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Eriko Self; The temporal order judgment task and achromatic stimuli can reveal the color-motion asynchrony. Journal of Vision 2011;11(11):1233. doi: 10.1167/11.11.1233.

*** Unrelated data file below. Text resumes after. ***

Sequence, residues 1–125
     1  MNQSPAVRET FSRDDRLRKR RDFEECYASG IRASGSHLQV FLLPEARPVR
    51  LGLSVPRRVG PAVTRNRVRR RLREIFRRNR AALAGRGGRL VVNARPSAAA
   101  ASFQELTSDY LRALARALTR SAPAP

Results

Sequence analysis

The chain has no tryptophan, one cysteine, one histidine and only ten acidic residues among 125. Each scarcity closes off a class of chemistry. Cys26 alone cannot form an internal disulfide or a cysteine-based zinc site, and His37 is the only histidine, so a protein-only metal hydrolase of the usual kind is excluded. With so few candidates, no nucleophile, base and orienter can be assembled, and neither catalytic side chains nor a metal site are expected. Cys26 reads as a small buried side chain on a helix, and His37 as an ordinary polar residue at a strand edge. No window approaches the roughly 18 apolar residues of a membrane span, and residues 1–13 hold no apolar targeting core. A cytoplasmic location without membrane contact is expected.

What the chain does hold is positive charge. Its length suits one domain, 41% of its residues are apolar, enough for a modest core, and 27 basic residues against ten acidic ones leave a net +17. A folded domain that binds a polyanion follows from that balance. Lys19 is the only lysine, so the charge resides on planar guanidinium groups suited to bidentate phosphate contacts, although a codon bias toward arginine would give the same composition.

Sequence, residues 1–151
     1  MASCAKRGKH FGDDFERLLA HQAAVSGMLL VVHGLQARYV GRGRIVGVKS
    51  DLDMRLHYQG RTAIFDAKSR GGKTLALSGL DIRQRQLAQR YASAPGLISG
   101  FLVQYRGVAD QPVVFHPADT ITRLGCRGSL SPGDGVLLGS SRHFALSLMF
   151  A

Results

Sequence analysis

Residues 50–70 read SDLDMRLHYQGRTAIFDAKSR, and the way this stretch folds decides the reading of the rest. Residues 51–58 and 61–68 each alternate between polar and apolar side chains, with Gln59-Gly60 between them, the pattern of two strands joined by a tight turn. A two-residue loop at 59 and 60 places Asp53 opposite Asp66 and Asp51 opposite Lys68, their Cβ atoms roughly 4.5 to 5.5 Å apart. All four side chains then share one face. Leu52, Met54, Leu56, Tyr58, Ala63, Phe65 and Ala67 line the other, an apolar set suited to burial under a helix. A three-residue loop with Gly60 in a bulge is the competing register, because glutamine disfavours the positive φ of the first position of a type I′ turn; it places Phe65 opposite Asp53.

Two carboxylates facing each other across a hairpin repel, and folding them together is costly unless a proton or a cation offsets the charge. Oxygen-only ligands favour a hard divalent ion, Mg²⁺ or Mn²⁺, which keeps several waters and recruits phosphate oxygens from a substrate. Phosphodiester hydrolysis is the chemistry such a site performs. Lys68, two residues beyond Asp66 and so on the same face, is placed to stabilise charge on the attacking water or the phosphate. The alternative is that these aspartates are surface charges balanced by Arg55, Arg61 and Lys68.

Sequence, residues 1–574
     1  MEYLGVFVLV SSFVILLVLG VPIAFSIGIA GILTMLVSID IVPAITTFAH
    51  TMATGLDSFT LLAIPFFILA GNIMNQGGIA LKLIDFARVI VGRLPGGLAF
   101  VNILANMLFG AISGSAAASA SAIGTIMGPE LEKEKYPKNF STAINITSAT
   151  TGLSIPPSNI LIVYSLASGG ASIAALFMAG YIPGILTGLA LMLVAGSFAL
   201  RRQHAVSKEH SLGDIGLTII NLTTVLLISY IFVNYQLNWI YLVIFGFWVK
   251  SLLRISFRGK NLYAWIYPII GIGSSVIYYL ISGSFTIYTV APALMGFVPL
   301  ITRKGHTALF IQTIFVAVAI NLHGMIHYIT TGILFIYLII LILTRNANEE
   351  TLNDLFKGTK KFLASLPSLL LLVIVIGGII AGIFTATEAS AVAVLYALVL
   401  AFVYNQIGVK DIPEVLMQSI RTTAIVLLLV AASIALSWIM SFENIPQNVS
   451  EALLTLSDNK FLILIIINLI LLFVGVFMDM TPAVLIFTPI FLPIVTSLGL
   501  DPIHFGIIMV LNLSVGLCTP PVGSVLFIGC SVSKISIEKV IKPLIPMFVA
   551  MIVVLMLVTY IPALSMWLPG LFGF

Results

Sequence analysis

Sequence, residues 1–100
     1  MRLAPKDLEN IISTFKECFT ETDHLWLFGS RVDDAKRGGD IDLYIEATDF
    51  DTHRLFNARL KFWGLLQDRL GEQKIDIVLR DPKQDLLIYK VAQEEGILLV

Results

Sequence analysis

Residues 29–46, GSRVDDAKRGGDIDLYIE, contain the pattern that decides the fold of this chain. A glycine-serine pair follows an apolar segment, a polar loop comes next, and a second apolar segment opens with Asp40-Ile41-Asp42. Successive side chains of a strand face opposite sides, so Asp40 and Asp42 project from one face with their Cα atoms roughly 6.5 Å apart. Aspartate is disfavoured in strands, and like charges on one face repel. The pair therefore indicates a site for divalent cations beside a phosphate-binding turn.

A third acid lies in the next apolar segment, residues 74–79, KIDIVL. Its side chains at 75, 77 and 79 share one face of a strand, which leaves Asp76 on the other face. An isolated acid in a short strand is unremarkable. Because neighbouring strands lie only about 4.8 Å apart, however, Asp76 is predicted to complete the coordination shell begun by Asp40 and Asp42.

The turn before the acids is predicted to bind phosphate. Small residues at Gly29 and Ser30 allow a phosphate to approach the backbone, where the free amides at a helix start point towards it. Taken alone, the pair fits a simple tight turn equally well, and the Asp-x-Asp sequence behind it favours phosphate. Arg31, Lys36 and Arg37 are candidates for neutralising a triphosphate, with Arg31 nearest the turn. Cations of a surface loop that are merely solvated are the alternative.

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The color-motion asynchrony was originally discovered in a visual stimulus that changes color (e.g., red and green) and direction of motion (e.g., upward and downward) rapidly and repeatedly. In order for a human to perceive those changes taking place simultaneously, direction change must precede color change by about 80 ms (Moutoussis & Zeki, 1997). This color-motion asynchrony was recently shown by the correspondence task with stimuli that change color and motion just once, but not by the temporal order judgment task (Linares & López-Moliner, 2006; Self et al., 2010). The purposes of this study are 1) to see whether the temporal order judgment task can also show the color-motion asynchrony by eliminating the artifact in the earlier studies and 2) to examine whether the luminance change alone can show the similar effect. We employed the method of constant stimuli. Tasks were either the correspondence task or the temporal order judgment task. The color/luminance of the stimuli were 1) equiluminant (28 cd/m2) colors varied along the L/(L + M) axis, 2) equiluminant (28 cd/m2) colors varied along the S/(L + M) axis, or 3) equal energy white at 8 cd/m2 and 40 cd/m2. The results from five observers showed that the color-motion asynchrony was observed in both tasks. The mean asynchrony for the correspondence task was 97 ms (SEM = 15) and that for the temporal judgment task was 66 ms (SEM = 13). A two-way ANOVA (task x color/luminance) with repeated measures showed that this difference between the tasks was significant, F(1, 4) = 7.905, p = 0.048. Further, the results revealed that the luminance change also showed the color-motion asynchrony. Therefore, the color-motion asynchrony is not strictly limited to the color change in an equiluminant plane. Rather, the phenomenon needs to be investigated in a broader context including the achromatic system.
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